BELRIS (Bioethics Legal Research in Singapore) has directed two generous gifts to CBmE for research into the ethics and regulation of reproductive technologies in Singapore.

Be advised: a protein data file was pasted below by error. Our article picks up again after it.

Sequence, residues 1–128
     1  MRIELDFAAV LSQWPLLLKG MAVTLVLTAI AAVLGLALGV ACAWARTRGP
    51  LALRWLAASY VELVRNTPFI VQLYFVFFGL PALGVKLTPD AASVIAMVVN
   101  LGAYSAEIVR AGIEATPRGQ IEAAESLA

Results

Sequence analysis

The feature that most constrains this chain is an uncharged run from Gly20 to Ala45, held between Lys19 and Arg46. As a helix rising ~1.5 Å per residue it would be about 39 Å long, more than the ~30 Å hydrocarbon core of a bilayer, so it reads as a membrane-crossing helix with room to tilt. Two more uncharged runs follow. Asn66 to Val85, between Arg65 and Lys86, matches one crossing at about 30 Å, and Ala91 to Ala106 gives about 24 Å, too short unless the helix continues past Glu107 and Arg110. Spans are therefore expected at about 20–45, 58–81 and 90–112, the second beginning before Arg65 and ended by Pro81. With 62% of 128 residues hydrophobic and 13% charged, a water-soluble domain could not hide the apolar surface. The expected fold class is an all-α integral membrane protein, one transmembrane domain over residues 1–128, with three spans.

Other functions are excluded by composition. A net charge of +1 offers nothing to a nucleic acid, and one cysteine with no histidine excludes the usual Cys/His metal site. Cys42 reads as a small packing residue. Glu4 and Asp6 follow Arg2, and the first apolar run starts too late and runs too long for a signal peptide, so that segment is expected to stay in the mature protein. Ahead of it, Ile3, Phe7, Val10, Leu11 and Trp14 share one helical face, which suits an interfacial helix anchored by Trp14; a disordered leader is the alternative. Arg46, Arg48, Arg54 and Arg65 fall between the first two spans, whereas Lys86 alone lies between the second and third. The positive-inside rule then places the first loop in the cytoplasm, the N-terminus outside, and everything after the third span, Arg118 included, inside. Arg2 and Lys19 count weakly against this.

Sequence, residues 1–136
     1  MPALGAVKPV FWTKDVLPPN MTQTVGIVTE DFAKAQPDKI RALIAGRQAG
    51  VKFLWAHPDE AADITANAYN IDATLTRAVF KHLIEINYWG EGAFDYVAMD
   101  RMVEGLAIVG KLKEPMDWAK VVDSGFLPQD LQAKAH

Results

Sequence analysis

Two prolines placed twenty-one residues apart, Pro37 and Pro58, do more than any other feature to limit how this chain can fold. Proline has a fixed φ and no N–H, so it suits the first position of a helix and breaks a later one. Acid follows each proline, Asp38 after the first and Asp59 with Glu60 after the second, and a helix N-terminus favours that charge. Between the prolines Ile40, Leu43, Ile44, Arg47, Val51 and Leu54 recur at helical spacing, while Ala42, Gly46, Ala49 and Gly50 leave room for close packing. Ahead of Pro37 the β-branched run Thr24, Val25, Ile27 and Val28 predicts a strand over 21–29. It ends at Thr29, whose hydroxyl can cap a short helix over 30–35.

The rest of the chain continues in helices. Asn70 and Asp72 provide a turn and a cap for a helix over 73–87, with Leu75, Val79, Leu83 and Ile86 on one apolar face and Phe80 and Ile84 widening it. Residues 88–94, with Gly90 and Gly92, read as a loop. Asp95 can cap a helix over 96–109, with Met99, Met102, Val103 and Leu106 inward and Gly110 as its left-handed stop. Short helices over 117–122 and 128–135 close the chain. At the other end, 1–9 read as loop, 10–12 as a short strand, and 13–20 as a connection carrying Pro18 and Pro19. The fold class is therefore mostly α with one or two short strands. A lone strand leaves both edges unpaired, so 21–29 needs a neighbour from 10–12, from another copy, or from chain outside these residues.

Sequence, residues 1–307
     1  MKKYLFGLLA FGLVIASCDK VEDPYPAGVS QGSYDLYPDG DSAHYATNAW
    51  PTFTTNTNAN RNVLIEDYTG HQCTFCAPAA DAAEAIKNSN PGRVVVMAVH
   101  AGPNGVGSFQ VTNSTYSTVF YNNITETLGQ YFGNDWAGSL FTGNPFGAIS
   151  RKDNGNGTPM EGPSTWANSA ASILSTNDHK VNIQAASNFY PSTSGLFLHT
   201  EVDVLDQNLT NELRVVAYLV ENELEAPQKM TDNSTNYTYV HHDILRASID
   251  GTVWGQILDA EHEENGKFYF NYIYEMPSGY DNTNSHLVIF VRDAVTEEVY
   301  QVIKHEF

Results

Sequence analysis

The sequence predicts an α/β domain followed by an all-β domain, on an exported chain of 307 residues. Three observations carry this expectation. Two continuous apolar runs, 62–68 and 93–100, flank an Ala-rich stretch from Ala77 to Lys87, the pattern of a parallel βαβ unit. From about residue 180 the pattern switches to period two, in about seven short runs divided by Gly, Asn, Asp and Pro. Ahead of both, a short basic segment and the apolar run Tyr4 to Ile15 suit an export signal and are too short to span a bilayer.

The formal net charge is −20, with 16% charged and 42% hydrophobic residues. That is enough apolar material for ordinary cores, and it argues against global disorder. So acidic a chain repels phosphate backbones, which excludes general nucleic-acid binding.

The first gift in 2012 was directed towards the ethics of elective egg freezing. Egg freezing has become a popular medical and social topic. It is a procedure developed from IVF treatment and used to store eggs when they are not needed in a fertility cycle. It is also used when a woman’s reproductive health is at risk from some underlying condition or clinical treatment, for example the cytotoxic effects of radiotherapy. . In Singapore, only women who might lose their fertility through medical treatments such as chemotherapy are allowed to undergo the procedure. In addition, only women who are already married, under 45, and undergoing IVF are allowed to freeze their surplus eggs. Elective egg freezing is not allowed. This research aimed at providing a normative analysis of the moral and social issues of elective egg freezing as they related both to Singapore and broader ethical debates on reproductive technologies. Outcomes of this research are published in the 2015 report 'An Ethical Analysis of Egg Freezing in Singapore'.